We really weren’t expecting a new Gin to come along this year and fully capture our attention; after all, there are so, so many amazing spirits out there by now that we thought the only way our attention would be grabbed by anything new was if its creators ran us over with a clown car and poured the contents of their bottle over our broken bones. That’s why, when Sandhills rolled up to Junipalooza with their bright yellow bottle in tow, we were very, very surprised to be so surprised.
The first thing that caught our attention was the passion behind it; husband and wife team Tom and Jeanette Bird, alongside one of their oldest friends, Brian, are out and out Gin lovers. This love turned to an impossible-to-resist obsession when Tom went to Hong Kong in early 2018 and ended up in famed Gin bar Ori-Gin. He was wowed by the diversity on offer – amazed that his palate could travel to all corners of the globe whilst sitting in one room.
As soon as he returned from Hong Kong, Tom bought a three litre mini still and invited Brian over to begin experimenting. The idea to do this on a professional level came a wee while later – at first, it was just a keen interest.
Getting involved in the Gin industry in 2018 strikes us as a bold decision, but the Sandhills team weren’t deterred. They didn’t even realise they ought to be. Jeanette explains: “Perhaps it was our naivety, but we were excited rather than daunted. We believed we had got a great Gin that was exactly what we wanted to drink. We don’t think of other gins as competition – gin is a very personal thing and there is room for everyone”.
On appearances and botanical bill alone (we weren’t exaggerating when we said bright yellow), Sandhills comes across as something of an outlier. It’s bloody weird to look at, and even stranger to read about, but the mastery of the distilling process means that this is never a startling sip. Sure, Sandhills pokes its toes into curious botanical waters ranging from exotic yuzu and pepperberry back to hyper local gorse from around the distillery in the Surrey Hills, but it never, ever steps away from its Gin title. It’s smooth, perfectly balanced and tastes as though the G&T was designed for it, rather than the other way round.
“We wanted to create a gin that was sophisticated, traditional and complex,” Tom said. “A gin that was of its location, but not constrained by it.” The Asian influence brings yuzu in as the citrus influence, whilst douglas fir needles, pulled from the Bird’s very own garden, add a resinous note that seems to melt into mix, bringing all the aromatic fresh qualities one would expect from pine and in doing so, boosting the juniper.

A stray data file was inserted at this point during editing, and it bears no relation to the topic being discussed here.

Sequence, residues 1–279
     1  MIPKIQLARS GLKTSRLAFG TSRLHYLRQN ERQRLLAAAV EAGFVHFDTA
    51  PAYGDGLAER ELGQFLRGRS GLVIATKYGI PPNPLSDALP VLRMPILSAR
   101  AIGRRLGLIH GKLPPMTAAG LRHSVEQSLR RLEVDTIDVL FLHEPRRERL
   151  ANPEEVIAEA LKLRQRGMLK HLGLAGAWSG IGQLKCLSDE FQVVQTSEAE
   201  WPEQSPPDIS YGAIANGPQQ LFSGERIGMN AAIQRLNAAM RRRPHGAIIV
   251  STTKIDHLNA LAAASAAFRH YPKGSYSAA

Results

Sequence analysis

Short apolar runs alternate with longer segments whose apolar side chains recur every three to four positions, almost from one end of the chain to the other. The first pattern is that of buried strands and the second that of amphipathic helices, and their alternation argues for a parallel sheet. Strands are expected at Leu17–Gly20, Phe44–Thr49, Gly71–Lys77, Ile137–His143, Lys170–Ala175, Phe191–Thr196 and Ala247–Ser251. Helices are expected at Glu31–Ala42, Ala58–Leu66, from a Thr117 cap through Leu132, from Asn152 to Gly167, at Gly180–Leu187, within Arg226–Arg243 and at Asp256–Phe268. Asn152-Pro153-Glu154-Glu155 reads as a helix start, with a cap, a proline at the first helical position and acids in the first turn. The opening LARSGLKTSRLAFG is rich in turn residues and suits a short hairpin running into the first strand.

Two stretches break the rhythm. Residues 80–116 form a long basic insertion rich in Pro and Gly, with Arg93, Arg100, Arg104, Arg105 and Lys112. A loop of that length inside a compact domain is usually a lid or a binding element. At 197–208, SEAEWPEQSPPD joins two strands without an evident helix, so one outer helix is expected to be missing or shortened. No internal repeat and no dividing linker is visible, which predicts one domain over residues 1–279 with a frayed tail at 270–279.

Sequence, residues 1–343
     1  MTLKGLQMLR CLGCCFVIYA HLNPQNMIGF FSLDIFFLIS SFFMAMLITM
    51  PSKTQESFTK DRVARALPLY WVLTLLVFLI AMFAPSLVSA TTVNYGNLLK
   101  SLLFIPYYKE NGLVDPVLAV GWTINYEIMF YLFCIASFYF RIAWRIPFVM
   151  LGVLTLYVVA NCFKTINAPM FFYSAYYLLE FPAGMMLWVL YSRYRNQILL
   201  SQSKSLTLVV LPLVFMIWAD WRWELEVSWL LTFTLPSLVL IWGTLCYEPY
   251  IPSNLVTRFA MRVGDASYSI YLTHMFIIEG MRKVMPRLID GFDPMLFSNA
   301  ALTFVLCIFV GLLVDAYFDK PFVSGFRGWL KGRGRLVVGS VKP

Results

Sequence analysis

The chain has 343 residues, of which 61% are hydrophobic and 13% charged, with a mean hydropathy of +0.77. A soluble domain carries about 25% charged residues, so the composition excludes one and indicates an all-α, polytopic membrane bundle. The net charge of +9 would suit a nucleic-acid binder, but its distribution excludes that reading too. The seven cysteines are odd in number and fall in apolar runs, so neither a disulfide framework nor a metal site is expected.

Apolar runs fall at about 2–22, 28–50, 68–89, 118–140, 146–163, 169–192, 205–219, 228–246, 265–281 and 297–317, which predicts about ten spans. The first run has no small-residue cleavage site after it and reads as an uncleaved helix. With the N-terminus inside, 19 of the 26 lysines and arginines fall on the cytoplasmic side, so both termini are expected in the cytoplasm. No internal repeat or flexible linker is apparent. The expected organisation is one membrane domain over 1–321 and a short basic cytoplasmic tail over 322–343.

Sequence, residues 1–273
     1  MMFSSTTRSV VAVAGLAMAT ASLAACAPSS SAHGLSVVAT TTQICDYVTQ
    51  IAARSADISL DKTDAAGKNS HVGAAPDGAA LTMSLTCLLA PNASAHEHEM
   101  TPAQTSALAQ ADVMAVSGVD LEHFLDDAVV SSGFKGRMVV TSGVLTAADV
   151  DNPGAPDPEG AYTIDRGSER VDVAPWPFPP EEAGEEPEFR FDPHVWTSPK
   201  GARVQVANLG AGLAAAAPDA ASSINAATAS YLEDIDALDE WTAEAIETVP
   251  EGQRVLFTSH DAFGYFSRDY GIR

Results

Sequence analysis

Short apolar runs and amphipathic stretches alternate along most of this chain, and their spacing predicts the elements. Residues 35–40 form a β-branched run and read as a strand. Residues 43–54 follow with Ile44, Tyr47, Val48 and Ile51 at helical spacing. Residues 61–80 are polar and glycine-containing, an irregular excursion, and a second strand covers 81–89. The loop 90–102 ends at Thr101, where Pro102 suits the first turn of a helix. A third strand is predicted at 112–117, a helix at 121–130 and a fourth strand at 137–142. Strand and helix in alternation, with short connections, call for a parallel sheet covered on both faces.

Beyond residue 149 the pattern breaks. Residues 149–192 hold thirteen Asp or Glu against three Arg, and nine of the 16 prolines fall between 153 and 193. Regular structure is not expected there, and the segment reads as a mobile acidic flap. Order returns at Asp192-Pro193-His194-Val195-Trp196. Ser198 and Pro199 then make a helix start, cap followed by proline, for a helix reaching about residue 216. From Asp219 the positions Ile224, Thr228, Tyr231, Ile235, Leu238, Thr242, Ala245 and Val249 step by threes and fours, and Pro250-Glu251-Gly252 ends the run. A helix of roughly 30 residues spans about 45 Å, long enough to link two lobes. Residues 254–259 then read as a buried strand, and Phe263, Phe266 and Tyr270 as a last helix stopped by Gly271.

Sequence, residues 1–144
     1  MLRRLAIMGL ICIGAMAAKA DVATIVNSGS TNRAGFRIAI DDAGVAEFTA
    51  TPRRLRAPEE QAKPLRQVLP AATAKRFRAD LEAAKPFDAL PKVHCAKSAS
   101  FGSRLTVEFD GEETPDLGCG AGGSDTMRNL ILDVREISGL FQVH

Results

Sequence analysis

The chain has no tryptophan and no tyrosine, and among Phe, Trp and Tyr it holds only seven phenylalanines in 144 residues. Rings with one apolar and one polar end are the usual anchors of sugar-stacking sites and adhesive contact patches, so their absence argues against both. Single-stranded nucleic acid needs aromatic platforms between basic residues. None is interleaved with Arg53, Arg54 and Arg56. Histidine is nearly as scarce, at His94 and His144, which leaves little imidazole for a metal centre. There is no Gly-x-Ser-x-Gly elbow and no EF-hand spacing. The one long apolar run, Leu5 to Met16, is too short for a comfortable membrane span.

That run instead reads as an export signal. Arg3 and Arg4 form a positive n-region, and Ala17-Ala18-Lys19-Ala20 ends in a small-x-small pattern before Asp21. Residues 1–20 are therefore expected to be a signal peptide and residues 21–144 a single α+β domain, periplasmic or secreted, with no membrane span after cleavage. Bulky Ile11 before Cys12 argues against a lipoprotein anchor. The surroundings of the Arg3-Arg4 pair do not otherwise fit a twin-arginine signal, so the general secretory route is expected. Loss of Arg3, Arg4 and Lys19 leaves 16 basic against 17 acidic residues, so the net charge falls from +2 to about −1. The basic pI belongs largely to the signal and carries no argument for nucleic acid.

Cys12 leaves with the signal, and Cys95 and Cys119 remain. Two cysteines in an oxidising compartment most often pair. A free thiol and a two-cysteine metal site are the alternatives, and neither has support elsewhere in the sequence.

What does Sandhills Gin taste like?
On the nose, it is the yuzu and soft gorse that lifts up. Gorse flower is a firm favourite for us; it brings a unique almost coconut-like sweetness to spirits and a layer of mystery that is almost impossible for the untrained nose to identify. Here, it’s given additional presence by the use of Surrey honey, while the herbal spice lingers just behind. It’s a layered nose, both with a clear oriental citrus as while as a vegetal depth.
To taste, it’s a similarly complex start. Spice marries with zingy citrus, leading into a more classic core and onto spice – namely the Tasmanian pepper-berry and it’s unique combination of mentholic cracked pepper. Once you factor it in with their use of smoky black cardamom that’s buried in the mix, you have an utterly beguiling gin.
It’s greatest success, though, is that juniper totally and utterly dominates the heart of it all. There is no question as to whether or not you are drinking a Gin as Sandhills have really nailed the balance, and while it undoubtedly has the strength to carry it through the plainest of G&Ts (no garnish or flavoured tonic necessary, really). It’s so smooth at 43% ABV too.
Team Sandhills are quick to point to their hybrid distilling method as one of the reasons for their perfectly poised gin. Using a blend of traditional copper pot and vacuum distilling, they fuse ancient methods with modern technology to craft a recipe that, in turn, fuses ancient flavours with a modern interpretation of Gin. In their case, they ensure that some of the botanicals (such as juniper and coriander) are placed in big copper pots so that the they are exposed to heat in order to extract the kind of qualities they are looking for. For others, it’s the cold vacuum technology that helps them reach the clarity of flavour they seek. It’s a symbiotic relationship that is known about yet underused in the Gin world, but even when we’ve seen similar, there’s something about theirs that seems to have been done with a little extra flair.